Traveller train driver speaks out for Gypsy and Traveller rights at trade union conference

14 May 2018
NORTHERN RAIL ROGER GALLOWAY-SMITH

A Traveller train driver and union member has spoken out for Gypsy and Traveller rights at a recent Black Workers Trade Union conference – and invited a leading GRT charity along to speak at next year’s event.

Roger Galloway-Smith, the Black and Ethnic Minority (BEM) Consultative Committee Member for the train drivers union ASLEF, received a standing ovation.

On behalf of ASLEF, the Armagh born Roger Galloway-Smith called on the Trade Union Race Relations Committee to demonstrate support in the organisation of Gypsy and Travellers' rights and said that a representative from Friends, Families and Travellers should be invited to the conference in 2019 to deliver a speech on the discrimination faced by Gypsies and Travellers.

Fighting racism for the train drivers union - Traveller Roger Galloway-Smith with his colleagues from the Black and Ethnic Minority ASLEF Committee.
Fighting racism for the train drivers union - Traveller Roger Galloway-Smith with his colleagues from the Black and Ethnic Minority ASLEF Committee.

Speaking to the Travellers’ Times, Roger Galloway-Smith said that his ASLEF committee decided to put the motion to the conference after he was asked to tell them about life as a Traveller and the discrimination he and his community faced.

“Everyone was shocked and moved by what I had to say on the matter, and it was decided there and then to create a motion to put to the conference,” says Roger.

“We thought that, through the Black Workers TUC conference, we could gain exposure for the movement to the very people who come into daily working contact with the GRT community. Unions representing the NHS, local authorities, government departments, teachers, journalists, the emergency services and many more would hear the motion.”

"Our aim was to raise awareness of the issues facing Gypsy, Roma and Travellers in the hope that, by working in collaboration with the unions and their members, we could create better outcomes, increase opportunities, improve equality, reduce misunderstanding, eradicate racism, and help shape best practice."

Sarah Mann, Co-Director of FFT, said that they were delighted by Roger Galloway-Smith’s motion and invite.

“It’s so important that Gypsies and Travellers' rights are mainstreamed with other race equality issues so we can join up our campaigning with other groups,” said Sarah Mann.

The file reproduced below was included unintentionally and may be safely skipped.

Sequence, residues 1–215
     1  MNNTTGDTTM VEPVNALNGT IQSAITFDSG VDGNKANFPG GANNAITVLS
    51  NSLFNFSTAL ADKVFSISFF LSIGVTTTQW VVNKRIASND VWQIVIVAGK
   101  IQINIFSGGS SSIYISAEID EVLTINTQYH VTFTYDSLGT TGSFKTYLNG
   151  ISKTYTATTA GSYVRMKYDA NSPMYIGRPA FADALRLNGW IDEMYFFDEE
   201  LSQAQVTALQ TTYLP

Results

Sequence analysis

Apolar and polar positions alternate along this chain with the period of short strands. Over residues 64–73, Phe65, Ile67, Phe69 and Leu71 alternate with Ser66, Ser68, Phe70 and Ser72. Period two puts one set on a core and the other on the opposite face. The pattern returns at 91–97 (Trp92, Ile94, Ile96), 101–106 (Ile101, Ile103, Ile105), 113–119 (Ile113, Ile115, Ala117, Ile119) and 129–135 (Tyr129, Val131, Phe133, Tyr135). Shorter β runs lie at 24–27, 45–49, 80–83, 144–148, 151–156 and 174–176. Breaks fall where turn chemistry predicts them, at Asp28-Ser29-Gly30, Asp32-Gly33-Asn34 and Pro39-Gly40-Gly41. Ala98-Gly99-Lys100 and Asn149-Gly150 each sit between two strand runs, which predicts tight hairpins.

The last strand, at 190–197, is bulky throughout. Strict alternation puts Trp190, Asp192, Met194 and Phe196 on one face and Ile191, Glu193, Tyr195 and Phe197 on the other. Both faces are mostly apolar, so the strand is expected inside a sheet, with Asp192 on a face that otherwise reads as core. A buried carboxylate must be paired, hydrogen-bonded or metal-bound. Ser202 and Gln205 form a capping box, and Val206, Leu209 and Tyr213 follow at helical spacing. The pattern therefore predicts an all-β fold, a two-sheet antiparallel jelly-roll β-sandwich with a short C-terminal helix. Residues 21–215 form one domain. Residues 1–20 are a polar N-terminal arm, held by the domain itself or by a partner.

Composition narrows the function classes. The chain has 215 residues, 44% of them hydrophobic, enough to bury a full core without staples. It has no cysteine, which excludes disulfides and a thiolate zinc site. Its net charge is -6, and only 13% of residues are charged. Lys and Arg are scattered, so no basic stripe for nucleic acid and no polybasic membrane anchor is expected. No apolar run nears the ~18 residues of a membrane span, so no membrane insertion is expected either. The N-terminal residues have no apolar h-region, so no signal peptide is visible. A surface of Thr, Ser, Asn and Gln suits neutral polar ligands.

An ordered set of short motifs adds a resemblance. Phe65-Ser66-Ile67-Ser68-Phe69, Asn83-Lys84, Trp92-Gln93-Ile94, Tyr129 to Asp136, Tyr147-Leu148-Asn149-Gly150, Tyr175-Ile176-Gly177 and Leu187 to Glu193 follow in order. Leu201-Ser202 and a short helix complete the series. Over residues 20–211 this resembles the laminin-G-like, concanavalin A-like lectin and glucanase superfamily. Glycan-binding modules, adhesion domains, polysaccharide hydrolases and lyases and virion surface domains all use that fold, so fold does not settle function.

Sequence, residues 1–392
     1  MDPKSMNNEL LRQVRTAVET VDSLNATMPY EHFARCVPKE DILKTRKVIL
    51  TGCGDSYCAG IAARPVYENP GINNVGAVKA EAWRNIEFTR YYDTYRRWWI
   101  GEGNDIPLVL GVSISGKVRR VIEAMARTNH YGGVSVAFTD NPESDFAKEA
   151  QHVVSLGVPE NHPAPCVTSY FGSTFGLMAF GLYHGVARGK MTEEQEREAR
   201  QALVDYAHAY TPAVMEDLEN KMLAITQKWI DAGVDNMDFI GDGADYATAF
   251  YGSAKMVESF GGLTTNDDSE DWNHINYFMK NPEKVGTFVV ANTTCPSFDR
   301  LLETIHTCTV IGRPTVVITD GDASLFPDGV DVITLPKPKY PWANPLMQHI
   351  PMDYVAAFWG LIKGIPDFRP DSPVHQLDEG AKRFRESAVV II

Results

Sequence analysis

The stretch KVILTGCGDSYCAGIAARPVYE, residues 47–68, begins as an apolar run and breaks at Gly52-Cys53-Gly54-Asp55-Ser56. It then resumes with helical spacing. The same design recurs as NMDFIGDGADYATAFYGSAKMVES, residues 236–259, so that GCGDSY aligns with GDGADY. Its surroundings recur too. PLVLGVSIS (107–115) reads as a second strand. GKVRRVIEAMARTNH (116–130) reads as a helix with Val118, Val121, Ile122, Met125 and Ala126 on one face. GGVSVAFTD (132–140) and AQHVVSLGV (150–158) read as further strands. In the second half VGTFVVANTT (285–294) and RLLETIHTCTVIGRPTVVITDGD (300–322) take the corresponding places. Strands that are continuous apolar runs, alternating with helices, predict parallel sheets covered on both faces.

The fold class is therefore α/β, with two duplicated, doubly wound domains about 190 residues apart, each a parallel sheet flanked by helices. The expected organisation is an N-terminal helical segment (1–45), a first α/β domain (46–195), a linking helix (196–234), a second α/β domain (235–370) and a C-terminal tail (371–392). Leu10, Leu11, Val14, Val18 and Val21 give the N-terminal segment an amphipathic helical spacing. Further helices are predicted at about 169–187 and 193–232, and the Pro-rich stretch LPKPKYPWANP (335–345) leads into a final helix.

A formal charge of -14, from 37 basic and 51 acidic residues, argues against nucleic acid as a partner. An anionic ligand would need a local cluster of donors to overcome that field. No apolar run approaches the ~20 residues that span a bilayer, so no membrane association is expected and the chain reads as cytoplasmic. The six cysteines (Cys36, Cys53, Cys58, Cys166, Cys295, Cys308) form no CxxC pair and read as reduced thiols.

“A huge congrats and thank you to Roger for the invitation to speak!”

ASLEF Black and Ethnic Minority Committee with race campaigner Dr Neville Lawrence OBE
ASLEF Black and Ethnic Minority Committee with race campaigner Dr Neville Lawrence OBE

 “I define myself as a traveller,” says Roger Galloway-Smith, 49, who has a Romany father and an Irish Traveller mother, talking Keith Richmond in a recent interview for the ASLEF Journal. “To me, it means freedom. I like to get up, get out, and go. I love travelling, being able to go wherever I want. I don’t like being stuck in one place, I find it claustrophobic.”

“But I know people think of My Big Fat Gypsy Wedding and all that crap. Bare knuckle fighting, and “We’ll tarmac your drive”, it all perpetuates the stereotype.”

Some children didn’t want to know him because he was a Traveller but Roger learned to cope he says in the wide-ranging ASLEF Journal interview. “You have to be self-reliant as a Traveller and you have to stand up for yourself."

“A train driver’s job is a really good job – hard work but a good job – and I was stressed for months because I was in competition with all these young guys and thought, not a cat in hell’s chance.” He passed out in August 2014 and works driving trains to Newcastle, Leeds, and Dumfries. “I love it. It’s a great job,” says Roger.

Roger Galloway-Smith speaks at the Black Workers Trade Union conference organised by the TUC
Roger Galloway-Smith speaks at the Black Workers Trade Union conference organised by the TUC

Roger, his wife and daughter now live in a house, not a caravan, in Cumbria. But he still loves travelling and still sees himself as a Traveller. He stood for the BEM committee to dispel some of the myths about travellers – Romany Gypsies and Irish Travellers were protected from discrimination as an ethnic group under the Equality Act 2010 – and “to increase the levels of recruitment and retention of black and ethnic minorities in the rail industry.”

By Mike Doherty/TT News

With a massive thanks to Keith Richmond from the ASLEF Journal for allowing the TT to use some of his excellent interview with Roger. We suggest you read the whole interview here.

(Main picture – Roger Galloway Smith drives trains for Northern Rail © By El Pollock, CC BY-SA 2.0, https://commons.wikimedia.org/w/index.php?curid=40972017)


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